With just a couple games left on everyone's schedule, the BCS picture is beginning to winnow its way down to an unsatisfying conclusion (for someone, anyway). Let's look closer.
The most important development in all of this is that The King Is Dead, or at least he was tripped up for a minute (more on that later). Alabama took on SEC upstart Texas A&M Saturday, a team led by a new coach and a redshirt freshman quarterback. A team running that newfangled spread offense.
This went about the opposite of how everyone expected. TAMU jumped out to a quick 20-0 lead -- that part wasn't all that shocking given recent history -- but then somehow held on. When Bama pushed within a score late, Johnny Football uncorked two beautiful passes in a row to move the offense 66 yards and answer emphatically that the Aggies weren't going anywhere.
This might not be the seismic shift in SEC reality that some are pegging it to be. After all, this isn't the first spread offense led by an exciting quarterback to succeed in the conference. It is, however, a potential death knell to the continued SEC hegemony over the rest of the college football world.
That loss, as losses of this sort often do, served to move everyone else of relevance up one place in line. This, of course, still leaves Notre Dame on the outside looking in. In what is almost unthinkable, Notre Dame can't get enough hype and that old Notre Dame bump in the polls is decidedly lacking.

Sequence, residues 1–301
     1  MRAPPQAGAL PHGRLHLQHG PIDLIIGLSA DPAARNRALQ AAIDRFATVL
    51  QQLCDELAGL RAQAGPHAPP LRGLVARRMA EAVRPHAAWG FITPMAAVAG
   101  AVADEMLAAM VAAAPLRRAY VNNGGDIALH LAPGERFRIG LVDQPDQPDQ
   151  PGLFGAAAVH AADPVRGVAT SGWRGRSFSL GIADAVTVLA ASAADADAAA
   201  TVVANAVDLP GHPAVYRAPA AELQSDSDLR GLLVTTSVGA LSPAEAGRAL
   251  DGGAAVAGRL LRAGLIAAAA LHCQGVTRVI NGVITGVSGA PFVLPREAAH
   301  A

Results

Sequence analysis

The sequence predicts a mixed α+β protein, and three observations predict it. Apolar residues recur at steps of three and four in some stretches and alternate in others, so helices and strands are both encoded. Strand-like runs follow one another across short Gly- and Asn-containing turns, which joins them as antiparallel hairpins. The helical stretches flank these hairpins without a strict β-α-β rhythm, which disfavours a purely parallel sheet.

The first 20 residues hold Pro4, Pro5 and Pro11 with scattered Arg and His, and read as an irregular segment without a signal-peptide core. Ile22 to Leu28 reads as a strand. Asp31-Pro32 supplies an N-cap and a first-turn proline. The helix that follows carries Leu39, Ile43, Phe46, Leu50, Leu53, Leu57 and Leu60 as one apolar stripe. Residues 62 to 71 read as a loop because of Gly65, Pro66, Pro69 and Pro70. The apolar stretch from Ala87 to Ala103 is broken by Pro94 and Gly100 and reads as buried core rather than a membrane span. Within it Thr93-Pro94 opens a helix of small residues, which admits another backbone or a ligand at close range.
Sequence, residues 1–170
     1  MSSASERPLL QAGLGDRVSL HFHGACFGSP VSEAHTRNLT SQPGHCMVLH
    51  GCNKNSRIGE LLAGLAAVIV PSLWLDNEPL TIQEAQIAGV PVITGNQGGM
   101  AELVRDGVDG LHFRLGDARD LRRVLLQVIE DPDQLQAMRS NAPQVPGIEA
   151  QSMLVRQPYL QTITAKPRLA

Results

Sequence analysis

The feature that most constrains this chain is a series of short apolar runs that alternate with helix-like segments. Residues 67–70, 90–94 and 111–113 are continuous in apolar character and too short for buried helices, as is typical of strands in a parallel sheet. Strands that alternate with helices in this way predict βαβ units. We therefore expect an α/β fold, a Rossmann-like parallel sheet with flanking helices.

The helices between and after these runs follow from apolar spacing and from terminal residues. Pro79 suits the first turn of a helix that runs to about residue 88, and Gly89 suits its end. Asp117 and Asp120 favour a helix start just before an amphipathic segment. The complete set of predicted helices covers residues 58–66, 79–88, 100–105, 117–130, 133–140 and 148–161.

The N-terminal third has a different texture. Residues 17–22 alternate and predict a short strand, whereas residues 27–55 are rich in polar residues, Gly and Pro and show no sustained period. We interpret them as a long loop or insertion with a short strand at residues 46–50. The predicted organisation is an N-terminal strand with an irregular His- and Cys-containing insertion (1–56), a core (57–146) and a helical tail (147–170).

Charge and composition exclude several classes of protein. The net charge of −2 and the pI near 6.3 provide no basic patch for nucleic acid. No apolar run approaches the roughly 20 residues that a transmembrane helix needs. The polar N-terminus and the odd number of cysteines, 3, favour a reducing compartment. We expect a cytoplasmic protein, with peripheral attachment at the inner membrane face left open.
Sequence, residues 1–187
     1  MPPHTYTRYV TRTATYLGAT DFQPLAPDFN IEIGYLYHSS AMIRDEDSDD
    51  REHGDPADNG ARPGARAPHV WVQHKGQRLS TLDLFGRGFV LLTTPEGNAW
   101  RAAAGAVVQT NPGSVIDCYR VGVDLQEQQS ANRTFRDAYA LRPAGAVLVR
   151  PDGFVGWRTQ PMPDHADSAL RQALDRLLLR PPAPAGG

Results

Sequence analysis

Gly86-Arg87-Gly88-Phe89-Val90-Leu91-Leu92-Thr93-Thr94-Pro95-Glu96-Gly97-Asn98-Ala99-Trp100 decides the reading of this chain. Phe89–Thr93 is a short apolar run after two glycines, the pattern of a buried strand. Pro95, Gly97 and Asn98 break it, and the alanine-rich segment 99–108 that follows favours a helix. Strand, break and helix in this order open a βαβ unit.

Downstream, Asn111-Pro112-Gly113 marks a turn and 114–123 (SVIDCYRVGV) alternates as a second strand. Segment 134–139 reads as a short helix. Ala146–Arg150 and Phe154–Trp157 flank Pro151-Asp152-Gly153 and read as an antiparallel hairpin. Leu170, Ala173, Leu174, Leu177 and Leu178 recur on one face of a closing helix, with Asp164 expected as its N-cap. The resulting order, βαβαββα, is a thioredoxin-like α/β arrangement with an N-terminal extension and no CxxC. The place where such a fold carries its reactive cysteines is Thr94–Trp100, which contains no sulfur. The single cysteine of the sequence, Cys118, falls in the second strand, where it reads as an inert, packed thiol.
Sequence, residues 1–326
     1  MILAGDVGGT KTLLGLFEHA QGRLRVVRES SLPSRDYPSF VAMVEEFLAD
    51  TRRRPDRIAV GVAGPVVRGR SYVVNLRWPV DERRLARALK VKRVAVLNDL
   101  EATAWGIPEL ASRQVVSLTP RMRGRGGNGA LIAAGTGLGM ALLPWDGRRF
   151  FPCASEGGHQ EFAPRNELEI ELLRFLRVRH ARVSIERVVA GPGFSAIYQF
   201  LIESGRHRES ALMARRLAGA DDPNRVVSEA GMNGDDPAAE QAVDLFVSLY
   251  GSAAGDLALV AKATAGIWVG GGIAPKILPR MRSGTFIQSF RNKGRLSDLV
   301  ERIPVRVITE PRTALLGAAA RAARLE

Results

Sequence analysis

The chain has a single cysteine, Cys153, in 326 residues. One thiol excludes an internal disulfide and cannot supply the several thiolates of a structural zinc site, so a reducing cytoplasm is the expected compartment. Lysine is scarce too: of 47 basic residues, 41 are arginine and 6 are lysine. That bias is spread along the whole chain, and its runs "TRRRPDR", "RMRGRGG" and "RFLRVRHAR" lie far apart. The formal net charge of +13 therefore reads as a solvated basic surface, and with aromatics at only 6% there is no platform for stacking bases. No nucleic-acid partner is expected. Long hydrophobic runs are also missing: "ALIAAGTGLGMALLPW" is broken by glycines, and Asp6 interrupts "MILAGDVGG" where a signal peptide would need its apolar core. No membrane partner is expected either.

Granted, the Irish have played a tough schedule on paper, but it is also one that included two Big Ten teams that severely disappointed, a few ACC teams -- never a good look; just ask Florida State -- and by the end of it all, three teams that are common opponents with the consensus top two, which also goes a long way in invalidating those marquee wins as factors to consider when thinking about moving the Irish up.
Still, Notre Dame sits a respectable third in the polls and in most years that is good enough once the grand finale of fireworks and batshit crazy upset losses play out. These rankings aren't etched in stone.
In fact, Matt Hinton lays out the scenario that should be all too familiar to college football junkies: the SEC taking the damn thing over anyway, despite all of our objections.
If Oregon loses one of its final 2-3 games (Stanford, Oregon State, or UCLA/USC), Kansas State loses one of its last two (Baylor or Texas), and Notre Dame loses one of its final two (Wake Forest or USC). then the next spot in line is the winner of the SEC championship game, with a still hanging-by-a-thread one-loss Florida team sitting there as well (and in this scenario, bolstered by a win over Florida State). That is to say nothing of two-loss outfits like LSU and Texas A&M if things get really weird.
Regardless of what we expect, something crazy is almost certain to happen over these last few weeks. I mean, a redshirt freshman running the spread just waltzed into Tuscaloosa and beat the Bama death machine. That all but has to be a precursor to some weird shit.
No matter what it is, odds are once it happens we'll all shake our heads and remark how we didn't see it coming.